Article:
A federal judge has rejected a challenge to the California Voting Rights Act, which has required numerous local governments to switch from at-large to district elections to empower their minority populations. But the conservative who won a U.S. Supreme Court ruling striking down a key section of the federal voting-rights law says the California case is headed for higher courts. “We are disappointed with the ruling. We have every intention of seeking an appeal (in) the Ninth Circuit (Court of Appeals), and beyond if necessary,” Edward Blum, president of the nonprofit Project on Fair Representation, said Tuesday. The California law, passed in 2002, requires local governments and districts that hold at-large elections, drawing all candidates from the entire area, to change to district elections if a local minority group can show that voting in the community favors the majority because of racial polarization. That requires proof that a majority racial group has historically voted as a bloc to elect its own candidates or to pass race-related ballot measures opposed by minorities.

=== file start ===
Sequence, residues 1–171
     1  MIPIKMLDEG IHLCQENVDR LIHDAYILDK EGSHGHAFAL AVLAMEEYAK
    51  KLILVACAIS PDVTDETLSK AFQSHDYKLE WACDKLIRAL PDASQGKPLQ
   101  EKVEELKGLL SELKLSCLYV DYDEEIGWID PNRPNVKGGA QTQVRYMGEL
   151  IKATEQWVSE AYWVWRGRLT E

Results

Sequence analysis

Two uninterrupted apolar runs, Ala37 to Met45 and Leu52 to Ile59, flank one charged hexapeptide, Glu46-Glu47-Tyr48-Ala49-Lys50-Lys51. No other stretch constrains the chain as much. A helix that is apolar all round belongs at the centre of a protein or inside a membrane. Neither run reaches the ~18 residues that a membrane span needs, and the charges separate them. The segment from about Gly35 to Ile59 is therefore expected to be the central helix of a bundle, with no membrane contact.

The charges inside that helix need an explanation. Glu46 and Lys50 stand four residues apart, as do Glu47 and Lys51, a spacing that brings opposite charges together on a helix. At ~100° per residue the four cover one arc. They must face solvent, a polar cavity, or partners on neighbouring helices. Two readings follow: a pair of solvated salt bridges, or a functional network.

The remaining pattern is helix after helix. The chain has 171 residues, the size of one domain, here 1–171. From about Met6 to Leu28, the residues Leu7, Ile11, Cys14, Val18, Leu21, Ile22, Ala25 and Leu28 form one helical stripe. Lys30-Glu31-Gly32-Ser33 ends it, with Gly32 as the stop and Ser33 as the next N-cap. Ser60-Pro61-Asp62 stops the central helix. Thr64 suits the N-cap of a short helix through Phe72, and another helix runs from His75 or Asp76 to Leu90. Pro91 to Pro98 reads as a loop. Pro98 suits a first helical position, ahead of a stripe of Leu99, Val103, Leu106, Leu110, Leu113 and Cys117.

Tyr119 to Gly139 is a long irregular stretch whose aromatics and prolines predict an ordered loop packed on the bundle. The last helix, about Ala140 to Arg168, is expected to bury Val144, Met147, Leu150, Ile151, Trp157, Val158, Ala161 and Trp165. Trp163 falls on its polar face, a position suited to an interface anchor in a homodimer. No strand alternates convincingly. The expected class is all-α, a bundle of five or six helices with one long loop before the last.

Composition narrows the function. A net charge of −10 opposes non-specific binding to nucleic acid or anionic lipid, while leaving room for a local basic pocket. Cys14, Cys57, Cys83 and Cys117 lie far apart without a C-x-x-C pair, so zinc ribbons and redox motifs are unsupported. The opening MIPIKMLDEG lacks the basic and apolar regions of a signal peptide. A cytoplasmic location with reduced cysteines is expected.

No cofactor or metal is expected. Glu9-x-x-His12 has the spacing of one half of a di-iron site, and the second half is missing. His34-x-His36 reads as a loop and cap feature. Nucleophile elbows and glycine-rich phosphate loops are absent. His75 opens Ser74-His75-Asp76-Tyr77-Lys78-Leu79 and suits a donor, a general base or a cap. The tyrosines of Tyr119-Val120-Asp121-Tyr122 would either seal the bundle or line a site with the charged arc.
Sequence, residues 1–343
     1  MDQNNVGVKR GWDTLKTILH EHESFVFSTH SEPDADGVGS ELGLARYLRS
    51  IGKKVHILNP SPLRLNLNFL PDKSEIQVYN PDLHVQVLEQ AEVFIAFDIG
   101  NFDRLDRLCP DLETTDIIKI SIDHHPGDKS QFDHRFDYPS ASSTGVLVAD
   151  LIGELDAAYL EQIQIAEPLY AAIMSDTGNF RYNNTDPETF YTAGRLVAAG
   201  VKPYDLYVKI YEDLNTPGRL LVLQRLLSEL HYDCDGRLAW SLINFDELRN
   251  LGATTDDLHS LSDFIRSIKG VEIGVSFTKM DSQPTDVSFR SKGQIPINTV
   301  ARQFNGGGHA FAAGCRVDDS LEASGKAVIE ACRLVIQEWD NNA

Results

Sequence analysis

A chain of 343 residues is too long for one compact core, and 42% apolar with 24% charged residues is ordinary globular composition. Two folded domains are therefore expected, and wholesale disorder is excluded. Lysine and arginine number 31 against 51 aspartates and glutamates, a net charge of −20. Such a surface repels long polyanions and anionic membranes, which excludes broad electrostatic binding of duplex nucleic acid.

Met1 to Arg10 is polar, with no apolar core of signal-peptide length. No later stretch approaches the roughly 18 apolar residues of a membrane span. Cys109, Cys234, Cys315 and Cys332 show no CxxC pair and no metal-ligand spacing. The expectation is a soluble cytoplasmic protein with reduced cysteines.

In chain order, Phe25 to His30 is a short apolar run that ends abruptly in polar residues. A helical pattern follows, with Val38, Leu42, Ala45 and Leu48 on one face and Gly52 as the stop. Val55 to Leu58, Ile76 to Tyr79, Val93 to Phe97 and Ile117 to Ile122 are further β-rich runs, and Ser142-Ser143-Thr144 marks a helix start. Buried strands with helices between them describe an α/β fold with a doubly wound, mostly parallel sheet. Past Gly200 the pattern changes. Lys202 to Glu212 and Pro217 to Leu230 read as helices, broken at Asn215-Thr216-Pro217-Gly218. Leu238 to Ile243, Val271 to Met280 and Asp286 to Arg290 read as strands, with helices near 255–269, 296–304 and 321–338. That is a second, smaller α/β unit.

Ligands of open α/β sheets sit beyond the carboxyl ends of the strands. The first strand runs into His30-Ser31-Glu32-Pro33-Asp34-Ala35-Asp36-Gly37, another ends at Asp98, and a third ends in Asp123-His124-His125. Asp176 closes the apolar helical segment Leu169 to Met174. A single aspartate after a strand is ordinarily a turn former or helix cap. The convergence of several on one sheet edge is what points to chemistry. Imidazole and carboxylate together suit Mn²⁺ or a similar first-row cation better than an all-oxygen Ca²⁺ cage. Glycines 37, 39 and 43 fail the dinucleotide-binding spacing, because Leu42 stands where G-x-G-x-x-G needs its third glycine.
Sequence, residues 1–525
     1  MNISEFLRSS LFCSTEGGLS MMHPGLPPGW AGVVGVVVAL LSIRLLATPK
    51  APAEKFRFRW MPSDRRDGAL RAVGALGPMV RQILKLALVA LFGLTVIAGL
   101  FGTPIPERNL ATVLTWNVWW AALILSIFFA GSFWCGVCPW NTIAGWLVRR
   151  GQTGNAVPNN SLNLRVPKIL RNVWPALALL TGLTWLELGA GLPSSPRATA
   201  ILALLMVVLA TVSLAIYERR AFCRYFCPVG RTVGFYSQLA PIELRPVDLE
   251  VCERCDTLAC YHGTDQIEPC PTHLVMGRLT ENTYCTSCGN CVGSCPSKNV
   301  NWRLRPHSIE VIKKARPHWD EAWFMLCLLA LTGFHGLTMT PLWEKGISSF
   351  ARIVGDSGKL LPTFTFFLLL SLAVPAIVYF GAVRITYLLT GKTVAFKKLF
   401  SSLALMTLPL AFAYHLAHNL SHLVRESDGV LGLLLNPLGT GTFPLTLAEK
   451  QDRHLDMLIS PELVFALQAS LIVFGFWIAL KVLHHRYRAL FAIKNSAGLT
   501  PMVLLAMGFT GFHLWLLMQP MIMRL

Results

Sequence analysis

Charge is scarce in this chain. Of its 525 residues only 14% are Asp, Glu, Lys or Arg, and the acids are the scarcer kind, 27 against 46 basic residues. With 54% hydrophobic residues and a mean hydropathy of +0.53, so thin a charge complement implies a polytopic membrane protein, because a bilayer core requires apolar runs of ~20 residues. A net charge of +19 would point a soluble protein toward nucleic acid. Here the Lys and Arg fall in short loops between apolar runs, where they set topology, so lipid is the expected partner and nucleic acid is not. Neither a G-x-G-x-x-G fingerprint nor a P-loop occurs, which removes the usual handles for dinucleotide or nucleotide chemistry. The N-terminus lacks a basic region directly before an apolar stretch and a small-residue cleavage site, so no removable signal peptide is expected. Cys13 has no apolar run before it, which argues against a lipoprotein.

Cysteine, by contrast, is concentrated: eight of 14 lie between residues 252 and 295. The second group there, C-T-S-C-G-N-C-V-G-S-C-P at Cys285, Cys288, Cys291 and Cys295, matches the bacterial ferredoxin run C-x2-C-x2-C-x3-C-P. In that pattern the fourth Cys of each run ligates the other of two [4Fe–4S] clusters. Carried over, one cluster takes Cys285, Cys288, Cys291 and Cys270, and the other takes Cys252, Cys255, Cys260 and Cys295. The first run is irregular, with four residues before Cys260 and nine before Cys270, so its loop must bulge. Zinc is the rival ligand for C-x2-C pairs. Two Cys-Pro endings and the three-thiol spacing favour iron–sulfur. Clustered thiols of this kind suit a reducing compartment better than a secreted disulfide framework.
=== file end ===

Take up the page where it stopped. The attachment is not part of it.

“It’s having a big impact in California,” said Rick Hasen, a UC Irvine law professor and election-law expert. He said many school districts, in particular, have had to adopt district election plans in recent years after being threatened with lawsuits. San Francisco switched to district elections under a local ballot measure that took effect in 2000.
Defenders of at-large elections say they encourage candidates to consider the diverse views of an entire community. Opponents say those elections allow a majority, whether racial or political, to ignore minority concerns.
California courts upheld the law in 2006, rejecting arguments that it was racially discriminatory, and the U.S. Supreme Court denied review. But Hasen said the high court might take a different view now in light of its 2015 ruling on the federal Voting Rights Act.